As a marketing and communications professional you will often find yourself working on campaigns with the involvement of third parties (which goes for most departments). Such a collaboration cannot be established without sharing (sometimes sensitive) information. Protecting your interests is, therefore, an important topic within every company, large and small.
Within SME’s, theDMS’s recurrently rely on the well-known gentleman’s agreement (handshake). Unfortunately, practice experience has shown us that the gentlemen’s agreement can come at a cost when one of the parties decides to use to disclosed information for its own gain. The end result: a financial loss for one of the parties and at best the partial loss of the ability to have faith in others.
Another scenario we often witness is parties holding back valuable information (secrets of the trade and intellectual property) while that specific information would strengthen their position in the negotiation process. This too comes at a cost, for it undermines their margin for negotiations. Interestingly enough, while this subject holds such value for companies, legions of professionals are actually not aware of the possibilities they have to avert these risks:
The majority of the larger companies take proactive measures to minimise their level of risk with the use of a CDA –confidential disclosure agreement-. A CDA is a contract in which parties agree on keeping specific information confidential. Another commonly used term for these contracts is an NDA – non-disclosure agreement- which is, in fact, exactly the same. Prior to the negotiation process, the CDA is drafted and signed (when agreed upon) by all parties involved before (further) information is interchanged.
If certain information has been disclosed prior to the signing, then find a way to enclose that information in the contract afterwards.
While some professionals see a CDA as a sign of distrust or a lack of respect, it should not be seen as such. A CDA is nothing more than a tool to avert risks, something a sound business party should always strive for.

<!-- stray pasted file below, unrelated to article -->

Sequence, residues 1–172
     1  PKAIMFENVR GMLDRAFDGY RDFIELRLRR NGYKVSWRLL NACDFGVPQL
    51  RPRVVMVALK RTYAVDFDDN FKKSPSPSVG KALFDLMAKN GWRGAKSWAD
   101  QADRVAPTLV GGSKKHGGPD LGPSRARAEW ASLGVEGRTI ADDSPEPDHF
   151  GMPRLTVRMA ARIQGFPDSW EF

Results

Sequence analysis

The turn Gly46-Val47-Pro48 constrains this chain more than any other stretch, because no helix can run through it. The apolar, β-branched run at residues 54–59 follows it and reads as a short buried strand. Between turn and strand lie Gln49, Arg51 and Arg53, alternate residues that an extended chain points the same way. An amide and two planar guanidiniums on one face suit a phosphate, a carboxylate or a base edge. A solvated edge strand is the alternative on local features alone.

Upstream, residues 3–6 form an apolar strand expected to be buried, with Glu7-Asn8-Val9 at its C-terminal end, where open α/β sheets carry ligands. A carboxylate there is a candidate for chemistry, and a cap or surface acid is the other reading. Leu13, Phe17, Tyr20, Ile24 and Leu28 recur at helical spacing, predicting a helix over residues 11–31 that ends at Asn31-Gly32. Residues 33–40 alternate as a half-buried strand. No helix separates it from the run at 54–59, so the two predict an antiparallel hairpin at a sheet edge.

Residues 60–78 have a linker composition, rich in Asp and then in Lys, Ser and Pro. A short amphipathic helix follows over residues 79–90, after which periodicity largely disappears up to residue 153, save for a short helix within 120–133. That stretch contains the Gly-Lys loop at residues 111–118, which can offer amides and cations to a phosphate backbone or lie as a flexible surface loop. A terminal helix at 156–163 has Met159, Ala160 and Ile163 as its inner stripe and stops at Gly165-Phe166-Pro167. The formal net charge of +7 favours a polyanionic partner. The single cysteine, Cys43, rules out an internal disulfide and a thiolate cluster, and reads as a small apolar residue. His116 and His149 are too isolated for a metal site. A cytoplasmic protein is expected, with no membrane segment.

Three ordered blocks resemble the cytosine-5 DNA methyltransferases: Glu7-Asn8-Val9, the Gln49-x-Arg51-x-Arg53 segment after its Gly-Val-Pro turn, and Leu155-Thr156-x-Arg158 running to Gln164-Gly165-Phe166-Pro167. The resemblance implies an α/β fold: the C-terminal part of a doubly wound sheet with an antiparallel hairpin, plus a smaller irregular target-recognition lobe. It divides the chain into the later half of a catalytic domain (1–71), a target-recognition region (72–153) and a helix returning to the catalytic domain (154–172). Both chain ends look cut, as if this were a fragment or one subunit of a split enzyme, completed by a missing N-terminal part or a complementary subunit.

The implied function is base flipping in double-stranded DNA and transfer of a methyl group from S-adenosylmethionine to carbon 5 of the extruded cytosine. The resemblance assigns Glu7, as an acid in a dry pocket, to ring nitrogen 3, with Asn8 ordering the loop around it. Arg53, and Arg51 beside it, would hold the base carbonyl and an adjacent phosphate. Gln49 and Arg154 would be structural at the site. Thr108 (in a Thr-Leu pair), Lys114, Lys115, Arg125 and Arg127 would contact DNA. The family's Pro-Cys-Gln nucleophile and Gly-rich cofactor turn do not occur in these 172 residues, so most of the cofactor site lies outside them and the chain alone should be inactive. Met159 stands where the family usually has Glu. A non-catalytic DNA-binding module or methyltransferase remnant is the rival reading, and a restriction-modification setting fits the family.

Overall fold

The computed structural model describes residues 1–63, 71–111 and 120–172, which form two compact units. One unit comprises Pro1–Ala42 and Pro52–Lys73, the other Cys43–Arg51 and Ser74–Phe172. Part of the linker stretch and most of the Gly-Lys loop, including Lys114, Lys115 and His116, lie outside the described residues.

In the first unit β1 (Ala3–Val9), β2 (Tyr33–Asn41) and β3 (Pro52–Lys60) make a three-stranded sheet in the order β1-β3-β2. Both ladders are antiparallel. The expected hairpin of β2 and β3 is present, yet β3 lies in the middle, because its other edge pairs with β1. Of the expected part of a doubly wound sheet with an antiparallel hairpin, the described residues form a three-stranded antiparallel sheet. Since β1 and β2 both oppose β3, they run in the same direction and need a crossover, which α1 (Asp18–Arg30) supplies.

What should be part of your CDA?
A proper CDA contains the following:
- The parties the contract applies to (name and address)
- The duration of the contract (term in which the information is to stay confidential and cannot be used by the other party): usually a couple of years
- A description of all information deemed confidential ( For instance: research, passwords, information about systems, client information, financial information, product development intel and strategic plans)
- A brief about the intellectual property
- A definition of the purpose of the contract
- The extent of the confidentiality (who can information be shared with etc.)
- The consequences of breaching the agreement
- Possible additions to the interest of one or more parties
- Exclusion of liability based on offered information
- Governing Law and Jurisdiction
- It goes without saying that every page needs to be signed by all parties involved.
Besides all elements as stated above, we also recommend that you include a paragraph with exceptions. This means that you include a paragraph in which you state that the contract will not apply to confidential information that has reached the public domain (without your companies’ interference). Confidential information that has fallen into your possession following a take-over of or collaboration with another party who is not held by the agreement. We also strongly advise you to insert a clause in the agreement that any (proven) information that was already in your possession prior to the negotiations is excluded from the contract.
When do you use a CDA?
A CDA, as used in the before mentioned paragraphs, is a mutual agreement. This type of contract is used when you are exploring the possibility of a joint venture or partnership.
Unilateral CDA’s are also commonly used, these are contracts made to protect a specific party. You should create a unilateral CDA when you outsource development processes (or outsource commercial activities), when you hire new staff, when you share client information with another party or when you work with sub-contractors.
It is advisable to have a lawyer, specialised in IP (intellectual property) or corporate law, to draw up your contract. Especially when you have already exchanged information without a contract in place. A skilled lawyer will find ways to minimise your risks as much as legally possible.